Wednesday, September 17, 2014

By Jamaal Ryan

I have to admit, once I read that conservative group American Enterprise Institute had something to say about video games, my cynicism shot right up, and I  was ready to discredit.

Today, AEI published a video seemingly very much in response to the rising awareness in gender representation and sexism within the video game community. Christina Sommers leads into the video with a proposed distinction between the general qualification of female gamers, and female gamers who engage in “core” genres, thus emphasizing the point that video games are very much a male activity with a 7:1 ratio of hardcore gamers.

She captures the hearts of many by mocking the general hostile view of violent video games as a whole, but does so to further serve her point that “the video game gender police have become harsh and intolerant”. She asks the questions, “But are video games rife with sexism?” and “Do they promote a culture of misogyny and violence that must be dismantled?” before her swift determination, “No”.

While there have been some corners of the feminist movement in games that have, say, targeted games like the Last of Us just because Ellie was a partially dependent teenager and not the main protagonist, Sarkeesian and others have made valid points. The term “tropes” doesn’t necessarily paint artistic efforts as a hostile agenda to perpetuate misogyny, it mostly relates to laziness, misunderstanding, and the tendency to fall back on stereotypes instead of investigating and exploring proper portrayal.

It’s less of an agenda to, as Sommers believes, seek the death of male video game culture, and more of an eye opening effort to express what’s offensive. I did so with Dead Rising 3’s portrayal of black characters, IGN’s Jose Otero did so by expressing his discomfort with the Xbox One launch title Loco Cycle, and many did with Far Cry 3’s colonialist narrative which influenced the writers of Far Cry 4.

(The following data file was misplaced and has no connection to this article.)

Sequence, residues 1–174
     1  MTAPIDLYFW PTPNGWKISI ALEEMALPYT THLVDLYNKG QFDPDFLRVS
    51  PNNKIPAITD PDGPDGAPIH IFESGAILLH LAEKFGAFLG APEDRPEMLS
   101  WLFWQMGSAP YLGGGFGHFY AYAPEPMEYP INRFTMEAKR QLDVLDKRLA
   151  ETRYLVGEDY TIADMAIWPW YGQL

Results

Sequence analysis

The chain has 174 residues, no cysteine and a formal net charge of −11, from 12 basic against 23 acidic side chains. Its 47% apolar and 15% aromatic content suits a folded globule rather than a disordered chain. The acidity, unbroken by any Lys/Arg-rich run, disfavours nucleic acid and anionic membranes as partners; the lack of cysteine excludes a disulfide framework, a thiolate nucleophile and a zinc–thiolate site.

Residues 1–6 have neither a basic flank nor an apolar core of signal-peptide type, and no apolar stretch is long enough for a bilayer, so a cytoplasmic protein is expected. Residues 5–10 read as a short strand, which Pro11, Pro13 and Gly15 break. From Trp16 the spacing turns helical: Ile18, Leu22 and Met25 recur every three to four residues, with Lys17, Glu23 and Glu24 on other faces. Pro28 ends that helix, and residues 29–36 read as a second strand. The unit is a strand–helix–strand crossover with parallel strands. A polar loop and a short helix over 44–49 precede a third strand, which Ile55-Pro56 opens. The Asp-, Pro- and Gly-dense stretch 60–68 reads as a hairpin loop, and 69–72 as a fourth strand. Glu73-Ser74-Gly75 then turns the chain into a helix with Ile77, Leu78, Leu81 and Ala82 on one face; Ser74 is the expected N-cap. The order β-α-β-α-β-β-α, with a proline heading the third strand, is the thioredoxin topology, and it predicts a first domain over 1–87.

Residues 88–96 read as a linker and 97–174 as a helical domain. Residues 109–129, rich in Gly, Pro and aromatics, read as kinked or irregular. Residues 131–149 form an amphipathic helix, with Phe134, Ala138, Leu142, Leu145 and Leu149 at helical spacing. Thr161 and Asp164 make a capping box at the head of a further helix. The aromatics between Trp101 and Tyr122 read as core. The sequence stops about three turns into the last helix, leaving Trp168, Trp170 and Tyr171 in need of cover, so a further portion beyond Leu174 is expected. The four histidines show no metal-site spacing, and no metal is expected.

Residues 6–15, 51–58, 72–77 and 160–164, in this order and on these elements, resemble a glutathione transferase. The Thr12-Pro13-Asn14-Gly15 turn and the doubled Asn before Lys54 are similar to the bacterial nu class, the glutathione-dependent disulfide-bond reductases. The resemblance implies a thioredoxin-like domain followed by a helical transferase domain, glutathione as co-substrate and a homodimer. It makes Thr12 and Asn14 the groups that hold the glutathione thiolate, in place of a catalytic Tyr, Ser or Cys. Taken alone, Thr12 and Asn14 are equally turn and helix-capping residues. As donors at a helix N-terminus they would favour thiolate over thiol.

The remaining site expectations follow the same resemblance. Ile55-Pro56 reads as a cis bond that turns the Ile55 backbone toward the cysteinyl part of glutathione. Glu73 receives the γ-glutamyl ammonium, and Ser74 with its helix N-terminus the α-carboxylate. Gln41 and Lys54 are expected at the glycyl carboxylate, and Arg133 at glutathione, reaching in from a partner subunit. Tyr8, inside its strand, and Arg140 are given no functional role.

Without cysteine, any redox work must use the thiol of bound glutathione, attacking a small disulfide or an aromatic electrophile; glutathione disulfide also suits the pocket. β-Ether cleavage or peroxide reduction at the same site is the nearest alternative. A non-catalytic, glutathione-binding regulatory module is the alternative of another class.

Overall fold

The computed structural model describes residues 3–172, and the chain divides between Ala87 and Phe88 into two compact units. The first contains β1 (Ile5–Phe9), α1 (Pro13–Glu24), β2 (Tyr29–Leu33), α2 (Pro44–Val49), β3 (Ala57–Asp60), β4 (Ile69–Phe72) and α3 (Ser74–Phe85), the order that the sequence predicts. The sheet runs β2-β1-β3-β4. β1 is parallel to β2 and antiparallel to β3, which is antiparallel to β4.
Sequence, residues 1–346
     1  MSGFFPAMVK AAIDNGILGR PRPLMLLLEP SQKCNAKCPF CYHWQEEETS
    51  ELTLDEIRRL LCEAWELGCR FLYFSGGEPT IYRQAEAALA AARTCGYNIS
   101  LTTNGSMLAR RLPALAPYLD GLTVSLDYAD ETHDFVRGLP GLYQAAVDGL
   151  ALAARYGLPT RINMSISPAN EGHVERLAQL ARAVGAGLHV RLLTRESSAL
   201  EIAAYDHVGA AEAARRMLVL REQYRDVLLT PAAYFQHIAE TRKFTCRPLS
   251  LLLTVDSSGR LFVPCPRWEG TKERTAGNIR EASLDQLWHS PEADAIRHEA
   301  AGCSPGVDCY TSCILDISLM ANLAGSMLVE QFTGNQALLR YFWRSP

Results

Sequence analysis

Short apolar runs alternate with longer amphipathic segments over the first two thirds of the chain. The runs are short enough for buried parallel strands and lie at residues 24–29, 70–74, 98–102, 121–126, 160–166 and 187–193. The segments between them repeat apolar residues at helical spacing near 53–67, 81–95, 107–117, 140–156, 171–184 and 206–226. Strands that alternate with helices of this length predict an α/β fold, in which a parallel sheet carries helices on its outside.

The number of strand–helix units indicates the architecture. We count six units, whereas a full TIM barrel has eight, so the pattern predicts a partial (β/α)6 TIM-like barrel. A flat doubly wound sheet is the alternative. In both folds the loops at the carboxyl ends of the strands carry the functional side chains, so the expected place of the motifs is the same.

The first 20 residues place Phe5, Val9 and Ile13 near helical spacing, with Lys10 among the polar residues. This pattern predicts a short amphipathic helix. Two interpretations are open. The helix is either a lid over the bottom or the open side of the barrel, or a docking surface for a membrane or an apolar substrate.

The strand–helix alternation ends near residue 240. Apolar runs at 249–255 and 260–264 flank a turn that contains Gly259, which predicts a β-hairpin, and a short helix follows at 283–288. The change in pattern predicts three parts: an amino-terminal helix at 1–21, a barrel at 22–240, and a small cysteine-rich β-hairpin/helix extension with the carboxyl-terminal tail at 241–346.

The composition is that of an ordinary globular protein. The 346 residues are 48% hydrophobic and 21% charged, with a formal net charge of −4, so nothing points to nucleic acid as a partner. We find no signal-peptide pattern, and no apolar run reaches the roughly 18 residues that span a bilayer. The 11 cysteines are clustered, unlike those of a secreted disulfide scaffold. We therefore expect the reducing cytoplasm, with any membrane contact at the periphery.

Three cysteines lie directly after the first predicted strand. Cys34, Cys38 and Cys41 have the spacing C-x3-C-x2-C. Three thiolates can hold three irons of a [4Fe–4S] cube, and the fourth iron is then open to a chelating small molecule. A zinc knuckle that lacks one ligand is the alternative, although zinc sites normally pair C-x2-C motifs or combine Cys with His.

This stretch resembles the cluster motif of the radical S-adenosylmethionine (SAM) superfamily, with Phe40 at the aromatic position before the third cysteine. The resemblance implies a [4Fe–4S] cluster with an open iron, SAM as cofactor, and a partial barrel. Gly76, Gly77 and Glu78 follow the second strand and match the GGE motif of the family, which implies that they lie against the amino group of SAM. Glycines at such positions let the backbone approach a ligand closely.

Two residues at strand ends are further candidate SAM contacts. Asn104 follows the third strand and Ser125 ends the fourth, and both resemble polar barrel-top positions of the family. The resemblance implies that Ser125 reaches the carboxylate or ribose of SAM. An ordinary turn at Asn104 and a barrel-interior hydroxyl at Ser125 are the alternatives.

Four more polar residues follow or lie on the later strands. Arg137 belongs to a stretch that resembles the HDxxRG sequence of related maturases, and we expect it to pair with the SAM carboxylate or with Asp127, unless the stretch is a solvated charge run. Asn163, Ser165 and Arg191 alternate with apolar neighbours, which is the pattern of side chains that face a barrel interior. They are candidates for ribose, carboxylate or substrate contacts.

But it’s the last two minutes of the video where she really started to lose me.

She justifies the sexualized female figures in bikinis, boob armor, and skimpy outfits because of the male dominated demographic. Though that’s pushed by video game publishers, it negates those, such as myself, who are disinterested in such a (in my opinion) rote representation, and males of the LBGT community.

She also claims that feminists fail to realize the accomplishments that the industry has made with proper women’s representation, even though all of the episodes of Tropes vs Women I’ve seen have featured Sarkeesian discussing games that have treated women with more sensitivity and depth.

Lastly, she questions why the same gender criticism in games isn’t targeted towards shows like Oprah and The View, and magazines such as Cosmopolitan. Though I can’t comment on Cosmopolitan, most of us have watched Oprah and The View for years, and I’m almost certain that these shows aren’t riddled with abs, abs, abs. Is the occasional “hunk” featured on the show? Sure. But the gamut of “male representation” is wide and varied.

Sommers certainly makes an interesting effort to target the feminist movement in games with a wink and a nod to gamers, however I question the agenda behind it. But then again, “agenda” is inherently behind everything.

In the end, I don’t quite care for AEI’s stance on gender issues in video games. 

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